• The purpose of this insulation is to prevent any potential conflict or overlapping between the IFA and BITs or ISDS, ensuring that the IFA can function effectively in facilitating investment flows.
  • Reform the Existing BITs:
    • The countries may need to amend their BITs to explicitly exclude the IFA from its scope.
    • This is already happening, as older BITs are being replaced with newer ones that contain more balanced provisions.
    • The article further suggests that given the large number of countries pushing for the IFA, there is potential for them to agree to reform their BITs to reflect this will.

Way Forward

The fear of ISDS claims should not be a reason for India to oppose joining the IFA negotiations at the WTO. The possibility of an ISDS tribunal interpreting provisions broadly cannot be ruled out, but that should not be a reason to oppose international lawmaking. For instance, the likelihood of a national court interpreting the law wrongly should not be a reason to cease domestic lawmaking. Therefore, India should not let the fear of ISDS claims prevent it from participating in the IFA negotiations at the WTO.

Beyond the Editorial

India’s Disputes at WTO

  • Sugarcane Subsidies: India faced a challenge by Australia, Guatemala, Costa Rica, Thailand, the EU and Brazil at the WTO for its sugar and sugarcane subsidies. India was said to be violating its commitments under the agreement on agriculture.
    • WTO asked India to withdraw its subsidies.
  • Export Subsidies: India faced a challenge by the US for its export subsidies. Members like the EU, Republic of Korea, China, Canada etc. participated in the dispute as third parties.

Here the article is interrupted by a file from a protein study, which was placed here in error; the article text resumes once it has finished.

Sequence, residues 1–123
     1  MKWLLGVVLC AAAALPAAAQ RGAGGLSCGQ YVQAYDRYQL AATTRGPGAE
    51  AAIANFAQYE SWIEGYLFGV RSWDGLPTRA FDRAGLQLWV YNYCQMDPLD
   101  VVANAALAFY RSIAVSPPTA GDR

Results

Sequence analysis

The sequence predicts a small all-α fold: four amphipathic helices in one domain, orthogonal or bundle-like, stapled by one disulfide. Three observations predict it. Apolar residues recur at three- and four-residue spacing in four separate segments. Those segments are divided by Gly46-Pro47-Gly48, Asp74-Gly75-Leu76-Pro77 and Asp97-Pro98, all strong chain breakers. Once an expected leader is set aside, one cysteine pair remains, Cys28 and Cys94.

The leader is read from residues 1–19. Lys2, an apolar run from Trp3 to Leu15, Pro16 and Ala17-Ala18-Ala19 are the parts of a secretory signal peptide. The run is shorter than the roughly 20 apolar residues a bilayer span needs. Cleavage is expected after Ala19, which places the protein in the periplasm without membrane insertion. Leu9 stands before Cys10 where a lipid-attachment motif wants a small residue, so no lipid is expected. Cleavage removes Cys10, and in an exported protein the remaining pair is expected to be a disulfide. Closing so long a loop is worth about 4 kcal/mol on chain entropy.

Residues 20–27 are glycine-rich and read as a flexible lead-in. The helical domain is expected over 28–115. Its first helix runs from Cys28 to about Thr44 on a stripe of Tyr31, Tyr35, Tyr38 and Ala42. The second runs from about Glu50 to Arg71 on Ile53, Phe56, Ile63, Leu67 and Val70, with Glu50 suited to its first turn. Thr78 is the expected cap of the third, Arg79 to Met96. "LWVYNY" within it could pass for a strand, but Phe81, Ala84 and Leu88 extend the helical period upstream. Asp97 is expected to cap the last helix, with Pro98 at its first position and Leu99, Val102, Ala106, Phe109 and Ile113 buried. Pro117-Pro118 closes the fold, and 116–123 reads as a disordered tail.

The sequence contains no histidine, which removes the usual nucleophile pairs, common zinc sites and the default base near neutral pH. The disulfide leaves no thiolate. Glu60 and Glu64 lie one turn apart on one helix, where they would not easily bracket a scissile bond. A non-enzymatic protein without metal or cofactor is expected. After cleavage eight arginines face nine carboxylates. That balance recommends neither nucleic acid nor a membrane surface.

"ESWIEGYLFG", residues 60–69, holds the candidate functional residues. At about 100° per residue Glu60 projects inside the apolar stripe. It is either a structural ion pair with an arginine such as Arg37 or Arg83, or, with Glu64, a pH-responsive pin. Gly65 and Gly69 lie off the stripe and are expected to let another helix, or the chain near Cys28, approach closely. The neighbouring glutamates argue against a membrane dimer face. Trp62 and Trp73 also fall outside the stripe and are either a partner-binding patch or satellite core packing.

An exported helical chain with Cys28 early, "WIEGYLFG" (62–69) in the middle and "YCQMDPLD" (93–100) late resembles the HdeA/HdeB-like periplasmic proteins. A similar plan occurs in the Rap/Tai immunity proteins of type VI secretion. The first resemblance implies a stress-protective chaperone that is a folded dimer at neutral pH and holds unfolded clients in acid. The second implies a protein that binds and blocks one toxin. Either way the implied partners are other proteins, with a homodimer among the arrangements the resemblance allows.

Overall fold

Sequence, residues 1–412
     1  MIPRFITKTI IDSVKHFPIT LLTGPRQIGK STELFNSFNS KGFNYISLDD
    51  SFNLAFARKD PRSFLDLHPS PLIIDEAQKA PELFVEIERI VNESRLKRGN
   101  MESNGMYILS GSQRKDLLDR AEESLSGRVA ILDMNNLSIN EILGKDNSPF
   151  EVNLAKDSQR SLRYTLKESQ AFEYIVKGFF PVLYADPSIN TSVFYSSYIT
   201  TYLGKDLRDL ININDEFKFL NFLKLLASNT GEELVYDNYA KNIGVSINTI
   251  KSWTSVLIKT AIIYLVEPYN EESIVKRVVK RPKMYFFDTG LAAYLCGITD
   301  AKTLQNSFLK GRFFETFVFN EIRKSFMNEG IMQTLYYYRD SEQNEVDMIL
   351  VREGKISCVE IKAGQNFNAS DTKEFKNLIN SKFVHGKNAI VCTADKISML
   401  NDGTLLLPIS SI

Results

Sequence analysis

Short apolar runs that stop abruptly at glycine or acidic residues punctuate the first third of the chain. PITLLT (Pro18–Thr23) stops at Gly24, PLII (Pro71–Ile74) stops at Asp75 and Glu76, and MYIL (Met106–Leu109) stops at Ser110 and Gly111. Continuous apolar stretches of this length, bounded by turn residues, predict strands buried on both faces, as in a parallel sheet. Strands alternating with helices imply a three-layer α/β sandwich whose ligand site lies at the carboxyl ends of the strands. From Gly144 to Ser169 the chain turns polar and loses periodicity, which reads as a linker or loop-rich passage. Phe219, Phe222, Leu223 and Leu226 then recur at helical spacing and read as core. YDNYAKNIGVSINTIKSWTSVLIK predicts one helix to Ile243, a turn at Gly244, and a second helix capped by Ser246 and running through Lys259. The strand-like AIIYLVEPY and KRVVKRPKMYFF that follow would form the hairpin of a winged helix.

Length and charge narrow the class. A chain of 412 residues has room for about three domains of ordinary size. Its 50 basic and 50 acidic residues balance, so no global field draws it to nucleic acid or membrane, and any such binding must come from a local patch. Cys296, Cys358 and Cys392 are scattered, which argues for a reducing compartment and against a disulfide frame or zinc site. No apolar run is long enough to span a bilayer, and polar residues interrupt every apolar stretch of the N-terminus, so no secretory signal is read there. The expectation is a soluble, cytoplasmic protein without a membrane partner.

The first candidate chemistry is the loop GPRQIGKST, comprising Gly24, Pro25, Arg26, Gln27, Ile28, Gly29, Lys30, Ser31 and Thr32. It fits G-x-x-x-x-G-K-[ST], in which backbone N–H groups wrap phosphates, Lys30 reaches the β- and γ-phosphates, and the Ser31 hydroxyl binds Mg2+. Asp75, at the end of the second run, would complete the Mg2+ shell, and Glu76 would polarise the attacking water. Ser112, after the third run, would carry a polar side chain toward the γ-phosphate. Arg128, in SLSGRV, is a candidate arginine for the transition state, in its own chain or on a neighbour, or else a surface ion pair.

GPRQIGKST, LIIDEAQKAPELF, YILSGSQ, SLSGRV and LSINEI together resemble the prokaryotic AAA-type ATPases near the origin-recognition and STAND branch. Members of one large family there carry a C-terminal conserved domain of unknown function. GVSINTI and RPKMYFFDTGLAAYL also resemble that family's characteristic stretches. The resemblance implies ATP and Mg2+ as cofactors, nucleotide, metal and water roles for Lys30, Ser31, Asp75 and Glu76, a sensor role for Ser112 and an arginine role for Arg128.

• WTO ruled that these export subsidy programmes provided by the Indian government violated provisions of the trade body’s norms.
  • National Solar Programme: The US had filed a challenge over elements of India’s national solar program, which it said discriminated against foreign solar products in violation of a core global trade rule.
    • The WTO ruled against India.
  • Renewable Energy: India had challenged the US on the ground that America’s domestic content requirements and subsidies provided by eight of its states in the renewable energy or the solar sector were violative of global trade norms.
    • WTO ruled in favour of India.
  • Import Duties: India has a dispute with the US over the additional import duties imposed by Washington on Indian steel and aluminium in 2018.
    • The decision is awaited by the WTO’s dispute settlement panel.

Sharing is caring!

Leave a comment

Your email address will not be published. Required fields are marked *